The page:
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3 Ways Iron Deficiency Can Affect Your Child

For moms and dads, the most important thing when raising their children is to make sure that they grow up strong and healthy to unlock their potential to the fullest. One of the ways to support that growth is with right nutrition.

5 mins to read By Shen-Li Tan Dec 8, 2015

For moms and dads, the most important thing when raising their children is to make sure that they grow up strong and healthy to unlock their potential to the fullest. One of the ways to support that growth is with right nutrition. Give your child a variety of baby cereals such as porridge and rice, and baby food such as pureed fruits. If you give your child infant cereal, read the food label and choose those fortified with iron.

Iron is a component of haemoglobin, key to carry oxygen to all parts of the body including the brain. It contributes to optimum growth for your child to achieve his full potential.1

Iron Deficiency and Your Child 
As something that’s so important, how will a lack of iron affect your child?

1. Affecting Cognitive Development
Findings suggest that iron deficiency during your child’s growing years may affect cognitive development2.

2. School Performance
Iron deficiency can lead to poor cognitive development and chronic iron deficient children are 3 times more likely to drop out of school or have no further education and training3.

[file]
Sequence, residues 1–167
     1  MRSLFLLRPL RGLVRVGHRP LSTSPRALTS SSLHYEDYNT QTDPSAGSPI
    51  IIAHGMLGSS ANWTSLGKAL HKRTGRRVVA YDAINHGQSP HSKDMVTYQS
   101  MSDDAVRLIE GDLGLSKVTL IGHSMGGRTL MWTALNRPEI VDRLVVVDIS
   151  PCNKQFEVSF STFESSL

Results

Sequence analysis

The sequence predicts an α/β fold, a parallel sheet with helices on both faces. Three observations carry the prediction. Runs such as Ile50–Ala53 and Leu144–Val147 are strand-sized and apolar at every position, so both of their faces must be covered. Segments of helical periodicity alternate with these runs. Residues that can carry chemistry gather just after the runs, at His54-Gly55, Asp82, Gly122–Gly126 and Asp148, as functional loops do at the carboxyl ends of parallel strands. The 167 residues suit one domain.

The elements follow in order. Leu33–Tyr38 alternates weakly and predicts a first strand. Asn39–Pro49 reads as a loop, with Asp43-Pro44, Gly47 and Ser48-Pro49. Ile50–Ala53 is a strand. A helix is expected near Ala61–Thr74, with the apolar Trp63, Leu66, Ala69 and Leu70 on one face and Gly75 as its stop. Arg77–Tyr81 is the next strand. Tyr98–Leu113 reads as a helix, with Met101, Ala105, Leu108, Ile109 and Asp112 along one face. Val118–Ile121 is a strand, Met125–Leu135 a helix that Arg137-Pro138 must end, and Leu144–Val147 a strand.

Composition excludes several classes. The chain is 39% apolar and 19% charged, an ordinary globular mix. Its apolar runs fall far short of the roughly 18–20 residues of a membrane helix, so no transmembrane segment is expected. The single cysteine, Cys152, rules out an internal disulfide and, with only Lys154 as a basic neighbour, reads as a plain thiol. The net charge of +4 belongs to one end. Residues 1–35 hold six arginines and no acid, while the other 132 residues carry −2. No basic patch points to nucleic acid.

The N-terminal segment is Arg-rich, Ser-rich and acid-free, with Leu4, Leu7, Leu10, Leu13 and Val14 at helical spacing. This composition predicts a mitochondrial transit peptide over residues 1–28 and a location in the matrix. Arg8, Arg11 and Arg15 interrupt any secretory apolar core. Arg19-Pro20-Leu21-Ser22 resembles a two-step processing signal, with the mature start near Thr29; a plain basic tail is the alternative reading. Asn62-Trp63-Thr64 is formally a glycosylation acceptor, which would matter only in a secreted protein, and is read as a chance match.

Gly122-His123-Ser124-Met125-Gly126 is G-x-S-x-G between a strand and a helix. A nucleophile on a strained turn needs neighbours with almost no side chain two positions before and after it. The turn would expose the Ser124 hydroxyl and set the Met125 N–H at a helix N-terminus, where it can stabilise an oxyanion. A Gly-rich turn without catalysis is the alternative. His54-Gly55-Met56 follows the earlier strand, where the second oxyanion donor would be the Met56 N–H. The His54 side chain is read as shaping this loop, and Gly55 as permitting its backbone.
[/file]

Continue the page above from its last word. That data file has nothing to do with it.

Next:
Lozoff B et al., 20133

3. Affecting the Risk of Iron-Deficiency Anemia
When it comes to anemia, the complication impairs motor and cognitive development2,4, and increases the risk of infectious diseases.5-6

You may be thinking, iron deficiency only happens in less developed countries. However, there is a high prevalence of iron deficiency anemia and anemia in preschool children worldwide7,8,9. In Malaysia, 1 in 3 children under 5 years of age suffer from anemia.10

What Can You Do?
As a meal provider for your beloved child at home, you can complement your child’s diet with iron rich complementary food. Fish and poultry are rich in protein, vegetables are a source of fibre, and cereals will fill the need for carbohydrates. As for iron, it can be found in foods such as lentils, broccoli and beef. While your usual home-cooked food will help encourage good eating habits in the future, you can have complementary food such as iron fortified infant cereal to support that diet.

CERELAC® Infant Cereal is one of the appropriate complementary foods, and it is a good choice for delivering daily dose of iron. Based on the Malaysian RNI, daily iron intake for children aged 6-11 months is 9 mg/day11. One serving of CERELAC® Infant Cereal contains minimum 5mg of iron which meets 50% of your child’s daily iron needs.

It is made with Nestlé® patented method to break down carbohydrates in the cereals into smaller units, thus making them easier to digest. It also contains BIFIDUS BL probiotics to help increase the number of beneficial bacteria in the gut.